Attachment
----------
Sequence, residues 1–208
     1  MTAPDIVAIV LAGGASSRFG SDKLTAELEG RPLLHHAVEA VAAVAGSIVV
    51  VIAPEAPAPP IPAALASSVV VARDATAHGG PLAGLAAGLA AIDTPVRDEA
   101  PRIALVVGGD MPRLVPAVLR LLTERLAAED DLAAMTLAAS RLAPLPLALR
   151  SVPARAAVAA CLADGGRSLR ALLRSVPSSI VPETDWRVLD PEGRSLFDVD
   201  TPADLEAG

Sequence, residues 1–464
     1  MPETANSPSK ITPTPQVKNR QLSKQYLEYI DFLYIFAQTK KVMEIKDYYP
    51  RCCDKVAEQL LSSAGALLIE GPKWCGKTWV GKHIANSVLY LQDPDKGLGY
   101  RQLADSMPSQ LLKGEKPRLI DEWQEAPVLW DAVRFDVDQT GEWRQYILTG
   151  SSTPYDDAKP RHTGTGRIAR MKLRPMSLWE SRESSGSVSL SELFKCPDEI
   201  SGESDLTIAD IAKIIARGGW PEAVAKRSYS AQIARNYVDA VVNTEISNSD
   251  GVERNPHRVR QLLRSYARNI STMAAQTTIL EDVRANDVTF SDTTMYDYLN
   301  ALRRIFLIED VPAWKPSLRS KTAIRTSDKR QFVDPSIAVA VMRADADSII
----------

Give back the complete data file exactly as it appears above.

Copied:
Sequence, residues 1–208
     1  MTAPDIVAIV LAGGASSRFG SDKLTAELEG RPLLHHAVEA VAAVAGSIVV
    51  VIAPEAPAPP IPAALASSVV VARDATAHGG PLAGLAAGLA AIDTPVRDEA
   101  PRIALVVGGD MPRLVPAVLR LLTERLAAED DLAAMTLAAS RLAPLPLALR
   151  SVPARAAVAA CLADGGRSLR ALLRSVPSSI VPETDWRVLD PEGRSLFDVD
   201  TPADLEAG

Sequence, residues 1–464
     1  MPETANSPSK ITPTPQVKNR QLSKQYLEYI DFLYIFAQTK KVMEIKDYYP
    51  RCCDKVAEQL LSSAGALLIE GPKWCGKTWV GKHIANSVLY LQDPDKGLGY
   101  RQLADSMPSQ LLKGEKPRLI DEWQEAPVLW DAVRFDVDQT GEWRQYILTG
   151  SSTPYDDAKP RHTGTGRIAR MKLRPMSLWE SRESSGSVSL SELFKCPDEI
   201  SGESDLTIAD IAKIIARGGW PEAVAKRSYS AQIARNYVDA VVNTEISNSD
   251  GVERNPHRVR QLLRSYARNI STMAAQTTIL EDVRANDVTF SDTTMYDYLN
   301  ALRRIFLIED VPAWKPSLRS KTAIRTSDKR QFVDPSIAVA VMRADADSII